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Why Russia and NATO will never go to war in our lifetimes...

Abbazorkzog

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Could Russia REALLY go to war with NATO?

Could Russia REALLY go to war with NATO?

At first sight, this appears a persuasive case, but on reflection is perhaps slightly less so.

Russia has undoubtedly suffered economically from the global downturn in energy prices and from economic sanctions following the annexation of the Crimea, but the degree of dependence, in particular energy dependence, that Western Europe has on Russia is highly significant.

Why the Black Sea is so important to Russia

The security of co-dependence

For example, the Nord Stream pipeline laid in international waters along the Baltic from Russia to Germany, supplies a significant -- according to EU figures, 38.7% -- proportion of Western Europe's gas needs.

In turn, Russia desperately needs the foreign earnings this generates.

Put another way, Russia rationally could bring much more significant, and cheaper, political pressure to bear by turning off the gas supply: why resort to the chancier option of war?

Cornered Russia

Turkey, on Russia's southern border, joined the military alliance in 1952, and since the end of the Cold War, many of Russia's former Warsaw Pact allies, including Poland, the Czech Republic, Slovakia, Romania, Bulgaria and the Baltic States have signed up, too.

Many in Russia want their leader to kick back against this.

Russia has, moreover, always respected a strong leader, and the present incumbent of the Kremlin enjoys levels of popularity -- at least 80% -- that Western politicians can only dream of.

Sabre-rattling is all part of this strongman image, but why risk it all by undertaking that most risky of manoeuvres in international politics: war?



There will be no NATO-Russian war, at least in the traditional sense. At this point, NATO and Russia are like two unruly siblings: they may hate each other, but they are still family. Through all the history they have endured, NATO nations and Russia are too heavily-dependent on one another to chance a confrontation, which Russia would inevitably lose.
 
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joG

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Could Russia REALLY go to war with NATO?

Could Russia REALLY go to war with NATO?

At first sight, this appears a persuasive case, but on reflection is perhaps slightly less so.

Russia has undoubtedly suffered economically from the global downturn in energy prices and from economic sanctions following the annexation of the Crimea, but the degree of dependence, in particular energy dependence, that Western Europe has on Russia is highly significant.

Why the Black Sea is so important to Russia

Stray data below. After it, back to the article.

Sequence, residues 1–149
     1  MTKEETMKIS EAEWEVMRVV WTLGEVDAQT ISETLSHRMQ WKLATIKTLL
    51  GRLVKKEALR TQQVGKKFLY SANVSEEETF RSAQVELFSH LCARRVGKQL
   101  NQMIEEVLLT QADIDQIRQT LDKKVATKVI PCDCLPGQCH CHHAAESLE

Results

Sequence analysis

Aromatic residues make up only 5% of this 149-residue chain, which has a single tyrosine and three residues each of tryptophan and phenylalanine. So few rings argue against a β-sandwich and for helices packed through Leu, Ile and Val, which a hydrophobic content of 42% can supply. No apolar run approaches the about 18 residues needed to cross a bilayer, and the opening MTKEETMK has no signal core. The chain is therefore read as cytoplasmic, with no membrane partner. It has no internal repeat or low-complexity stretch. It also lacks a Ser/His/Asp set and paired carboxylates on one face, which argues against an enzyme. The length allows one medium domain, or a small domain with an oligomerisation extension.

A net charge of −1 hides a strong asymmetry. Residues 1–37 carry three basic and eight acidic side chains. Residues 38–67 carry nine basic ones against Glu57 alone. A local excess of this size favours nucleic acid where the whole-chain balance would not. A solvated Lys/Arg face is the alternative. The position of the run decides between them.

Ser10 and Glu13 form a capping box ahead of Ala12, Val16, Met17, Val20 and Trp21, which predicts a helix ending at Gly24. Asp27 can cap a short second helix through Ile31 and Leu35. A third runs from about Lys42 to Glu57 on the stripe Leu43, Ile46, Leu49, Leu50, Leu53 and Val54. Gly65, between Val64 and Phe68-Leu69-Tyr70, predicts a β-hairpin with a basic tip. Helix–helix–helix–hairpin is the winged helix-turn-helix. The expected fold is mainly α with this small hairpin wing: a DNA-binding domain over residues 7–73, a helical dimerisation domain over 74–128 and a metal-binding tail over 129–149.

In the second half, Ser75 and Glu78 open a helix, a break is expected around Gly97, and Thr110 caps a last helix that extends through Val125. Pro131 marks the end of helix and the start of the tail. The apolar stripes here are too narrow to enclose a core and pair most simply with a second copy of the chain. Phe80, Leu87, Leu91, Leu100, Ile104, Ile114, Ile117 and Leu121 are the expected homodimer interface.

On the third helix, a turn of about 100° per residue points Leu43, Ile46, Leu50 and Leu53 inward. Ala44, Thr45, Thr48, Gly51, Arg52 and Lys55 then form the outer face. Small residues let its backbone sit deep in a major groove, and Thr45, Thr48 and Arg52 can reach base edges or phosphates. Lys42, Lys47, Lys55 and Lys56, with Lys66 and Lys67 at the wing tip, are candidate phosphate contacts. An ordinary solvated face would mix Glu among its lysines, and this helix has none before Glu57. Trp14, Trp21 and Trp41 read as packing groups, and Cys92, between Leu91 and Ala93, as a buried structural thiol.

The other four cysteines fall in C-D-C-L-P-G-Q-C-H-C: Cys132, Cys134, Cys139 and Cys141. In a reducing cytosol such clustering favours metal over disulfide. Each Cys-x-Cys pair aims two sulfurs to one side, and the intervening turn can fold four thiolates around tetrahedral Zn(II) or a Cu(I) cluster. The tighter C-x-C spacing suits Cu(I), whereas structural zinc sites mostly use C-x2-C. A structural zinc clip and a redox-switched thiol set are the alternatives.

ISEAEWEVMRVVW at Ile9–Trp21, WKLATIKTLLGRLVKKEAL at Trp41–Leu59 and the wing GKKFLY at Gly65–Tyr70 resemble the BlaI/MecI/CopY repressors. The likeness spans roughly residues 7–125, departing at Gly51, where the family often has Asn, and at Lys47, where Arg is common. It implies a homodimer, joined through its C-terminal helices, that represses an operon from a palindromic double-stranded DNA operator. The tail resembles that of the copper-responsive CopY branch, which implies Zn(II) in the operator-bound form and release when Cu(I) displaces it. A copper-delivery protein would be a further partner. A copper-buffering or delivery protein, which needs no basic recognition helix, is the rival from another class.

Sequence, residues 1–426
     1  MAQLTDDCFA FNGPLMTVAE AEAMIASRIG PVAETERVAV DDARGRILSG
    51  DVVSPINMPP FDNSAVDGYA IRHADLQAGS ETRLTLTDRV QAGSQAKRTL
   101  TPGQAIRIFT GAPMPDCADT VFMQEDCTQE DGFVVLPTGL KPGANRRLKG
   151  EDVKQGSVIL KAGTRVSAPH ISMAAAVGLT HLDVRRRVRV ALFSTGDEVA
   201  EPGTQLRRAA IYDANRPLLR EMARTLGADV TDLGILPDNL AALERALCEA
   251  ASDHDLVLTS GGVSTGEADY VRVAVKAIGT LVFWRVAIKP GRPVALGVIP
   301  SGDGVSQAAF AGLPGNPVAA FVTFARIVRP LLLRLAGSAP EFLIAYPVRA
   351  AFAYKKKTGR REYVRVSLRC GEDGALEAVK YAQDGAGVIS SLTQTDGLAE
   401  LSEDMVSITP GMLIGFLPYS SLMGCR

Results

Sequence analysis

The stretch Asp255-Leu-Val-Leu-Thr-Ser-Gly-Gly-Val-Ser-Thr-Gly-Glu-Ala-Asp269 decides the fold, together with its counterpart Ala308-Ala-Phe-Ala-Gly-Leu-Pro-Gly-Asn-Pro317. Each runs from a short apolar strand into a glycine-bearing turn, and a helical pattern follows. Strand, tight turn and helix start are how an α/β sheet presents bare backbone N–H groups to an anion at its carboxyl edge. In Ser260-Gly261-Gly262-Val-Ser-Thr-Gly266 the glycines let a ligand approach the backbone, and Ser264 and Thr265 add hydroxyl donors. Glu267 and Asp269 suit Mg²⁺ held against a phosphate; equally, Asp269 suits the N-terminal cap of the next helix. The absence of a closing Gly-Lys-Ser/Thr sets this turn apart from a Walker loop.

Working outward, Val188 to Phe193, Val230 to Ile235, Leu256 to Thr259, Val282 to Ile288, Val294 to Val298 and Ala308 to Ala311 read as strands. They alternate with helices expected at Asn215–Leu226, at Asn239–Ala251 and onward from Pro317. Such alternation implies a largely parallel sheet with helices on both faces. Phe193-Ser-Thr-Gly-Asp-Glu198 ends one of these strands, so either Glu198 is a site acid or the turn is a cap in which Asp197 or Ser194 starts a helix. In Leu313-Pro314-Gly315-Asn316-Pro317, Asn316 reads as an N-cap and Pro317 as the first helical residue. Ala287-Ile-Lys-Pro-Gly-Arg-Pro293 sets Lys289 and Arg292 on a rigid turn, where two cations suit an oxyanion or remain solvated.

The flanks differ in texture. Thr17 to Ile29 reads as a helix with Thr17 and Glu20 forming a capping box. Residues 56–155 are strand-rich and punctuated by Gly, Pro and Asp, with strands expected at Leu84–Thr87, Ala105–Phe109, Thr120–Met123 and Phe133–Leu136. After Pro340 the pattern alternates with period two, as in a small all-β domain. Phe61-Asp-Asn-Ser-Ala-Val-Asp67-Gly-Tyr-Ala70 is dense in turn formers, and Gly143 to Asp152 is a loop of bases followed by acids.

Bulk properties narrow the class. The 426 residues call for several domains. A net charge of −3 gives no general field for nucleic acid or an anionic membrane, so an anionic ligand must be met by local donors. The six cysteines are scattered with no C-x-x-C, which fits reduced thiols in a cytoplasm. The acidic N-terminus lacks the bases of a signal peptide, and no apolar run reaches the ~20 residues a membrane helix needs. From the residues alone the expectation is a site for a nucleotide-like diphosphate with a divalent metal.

The security of co-dependence

For example, the Nord Stream pipeline laid in international waters along the Baltic from Russia to Germany, supplies a significant -- according to EU figures, 38.7% -- proportion of Western Europe's gas needs.

In turn, Russia desperately needs the foreign earnings this generates.

Put another way, Russia rationally could bring much more significant, and cheaper, political pressure to bear by turning off the gas supply: why resort to the chancier option of war?

Cornered Russia

Turkey, on Russia's southern border, joined the military alliance in 1952, and since the end of the Cold War, many of Russia's former Warsaw Pact allies, including Poland, the Czech Republic, Slovakia, Romania, Bulgaria and the Baltic States have signed up, too.

Many in Russia want their leader to kick back against this.

Russia has, moreover, always respected a strong leader, and the present incumbent of the Kremlin enjoys levels of popularity -- at least 80% -- that Western politicians can only dream of.

Sabre-rattling is all part of this strongman image, but why risk it all by undertaking that most risky of manoeuvres in international politics: war?



There will be no NATO-Russian war, at least in the traditional sense. At this point, NATO and Russia are like two unruly siblings: they may hate each other, but they are still family. Through all the history they have endured, NATO nations and Russia are too heavily-dependent on one another to chance a confrontation, which Russia would inevitably lose.

It is always the structure of the game that defines the optimal path in a negotiation situation. The structure of security is changing and the optima with it. The optimal negotiation strategies will lead to war in the global context as the game is forming. Whether the Russians or NATO will be immediate participants is a matter of chance and not really very important, if it comes to multiple warhead nuclear engagements.
 
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